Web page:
Congestive heart failure is one of the leading causes of all hospitalizations among U.S. adults aged 65 years or older. Heart failure is a chronic condition (although it can develop suddenly) in which the heart is no longer able to pump enough blood to the rest of the body. This can cause blood to back up in the lungs, liver, gastrointestinal tract, and the arms and legs, which is known as congestive heart failure (CHF).
Coronary artery disease (narrowed arteries) is the most common cause of heart failure, and other risk factors include high blood pressure, high cholesterol, diabetes and/or obesity. Thankfully, these are conditions that can be headed off or helped through diet, exercise and supplements.
Studies suggest that seafood-derived long-chain omega-3 polyunsaturated fatty acids may reduce the risk for coronary heart disease, in particular coronary death. But less is known about their effect on congestive heart failure, and according to the American Heart Association, while deaths related to coronary heart disease are decreasing in many countries, the incidence and costs of CHF are steadily increasing. So in a recent study, researchers set out to discover whether omega-3 fatty acids helped prevent CHF in older adults.
In the past, research evaluating the connection between fatty acids and CHF has produced conflicting results, but it has typically been based on estimates from dietary questionnaires. This new study differed in that researchers measured the circulating concentrations of omega-3 fatty acids in the subjects’ blood, which is a much more accurate reflection and takes into account biological processes, such as absorption, incorporation and metabolism. What’s more, this method allowed researchers to evaluate individual omega-3 fatty acids, specifically eicosapentaenoic acid (EPA), docosapentaenoic acid (DPA) and docosahexaenoic acid (DHA).
For the study, researchers looked at 2,735 U.S. adults aged 65 years or older without prevalent heart disease who were enrolled in the Cardiovascular Health Study from 1992 to 2006. They examined the participants, asked about their dietary habits, and obtained blood samples to measure fatty acids. They followed up with annual study clinic examinations and interim phone calls to see whether CHF developed.
During this time, 555 cases of incident CHF occurred, and the cumulative incidence was 20.3 percent over 14 years, which highlights the high risk for developing CHF among people over the age of 65. That’s the bad news. The good news is that they found that people with higher concentrations of omega-3 fatty acids, especially EPA, were less likely to develop CHF.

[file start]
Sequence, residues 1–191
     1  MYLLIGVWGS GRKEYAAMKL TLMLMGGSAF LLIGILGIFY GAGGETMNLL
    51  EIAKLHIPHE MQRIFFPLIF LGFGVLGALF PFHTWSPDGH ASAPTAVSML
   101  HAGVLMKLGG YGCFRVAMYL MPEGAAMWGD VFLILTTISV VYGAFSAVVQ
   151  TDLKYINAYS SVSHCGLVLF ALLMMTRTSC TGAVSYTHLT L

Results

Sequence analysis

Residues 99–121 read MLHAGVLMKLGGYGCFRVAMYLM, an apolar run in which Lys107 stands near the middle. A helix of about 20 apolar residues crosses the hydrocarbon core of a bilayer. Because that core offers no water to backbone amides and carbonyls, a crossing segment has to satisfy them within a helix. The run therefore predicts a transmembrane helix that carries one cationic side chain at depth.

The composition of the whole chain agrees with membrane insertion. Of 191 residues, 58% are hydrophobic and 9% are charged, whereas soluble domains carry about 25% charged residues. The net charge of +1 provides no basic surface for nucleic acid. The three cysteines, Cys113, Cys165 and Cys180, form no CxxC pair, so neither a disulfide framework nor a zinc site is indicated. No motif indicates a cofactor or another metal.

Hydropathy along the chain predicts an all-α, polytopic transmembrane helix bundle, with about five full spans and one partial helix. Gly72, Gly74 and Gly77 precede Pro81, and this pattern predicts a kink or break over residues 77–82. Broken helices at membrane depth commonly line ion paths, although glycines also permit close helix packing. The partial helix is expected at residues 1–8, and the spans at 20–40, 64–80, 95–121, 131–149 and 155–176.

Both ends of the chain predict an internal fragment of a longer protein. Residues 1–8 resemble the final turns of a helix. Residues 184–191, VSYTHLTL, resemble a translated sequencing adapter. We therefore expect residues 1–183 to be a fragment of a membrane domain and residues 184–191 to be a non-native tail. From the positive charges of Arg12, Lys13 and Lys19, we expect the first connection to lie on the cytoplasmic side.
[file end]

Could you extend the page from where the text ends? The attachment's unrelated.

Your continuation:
After adjusting for demographic, cardiovascular and lifestyle risk factors, people with the highest concentrations of EPA had approximately 50 percent lower risk of CHF. (Interestingly, while DHA concentration had the strongest correlation with the amount of fish consumed, EPA concentration was most strongly associated with CHF.)
The findings seem to make a strong case for the role of omega-3 fatty acids in helping to prevent CHF, but the researchers point to some limitations of the study. The main one was that blood levels of fatty acids were only measured once, so it is possible that they changed significantly throughout the course of the study. Additionally, they admitted that they cannot say for certain whether the fatty acids or other unidentified factors were the cause of the good health effects that were observed.
However, the study results were enough for them to conclude: “Our findings demonstrate that long-chain omega-3 fatty acids, in particular EPA, are associated with lower risk for CHF in older adults. These observational results support existing recommendations that adults consume at least 2 servings per week of fish, especially oily fish.”
How to Get Those Fatty Acids
Fish high in omega-3 fatty acids include mackerel, tuna, salmon, sturgeon, mullet, bluefish, anchovy, sardines, herring, trout and menhaden. You can also take fish oil supplements; however, this research looked only at biomarkers of omega-3 fatty acids that were generally derived from seafood intake. The authors do say that the ranges of dietary omega-3 fatty acid exposure are generally much lower than would be seen for supplements. So one could reasonably assume that the higher concentration found in fish oil supplements may have even more protective benefits.
When all is said and done, it seems that it would be a good idea, especially if you are over the age of 65, to consume the recommended two servings of oily fish per week. You may also want to consider adding a fish oil supplement to your daily routine.
In addition to cardiovascular health, fish oil has been shown to improve brain function, boost your mood, enhance joint function and protect your vision.
 Mozaffarian D, et al. Omega-3 fatty acids and cardiovascular disease — effects on risk factors, molecular pathways, and clinical events. J Am Coll Cardiol. 2011.
 Mozaffarian, D, et al. Circulating Long-Chain Omega-3 Fatty Acids and Incidence of Congestive Heart Failure in Older Adults: The Cardiovascular Health Study. Ann Intern Med. 2011;155:160-170.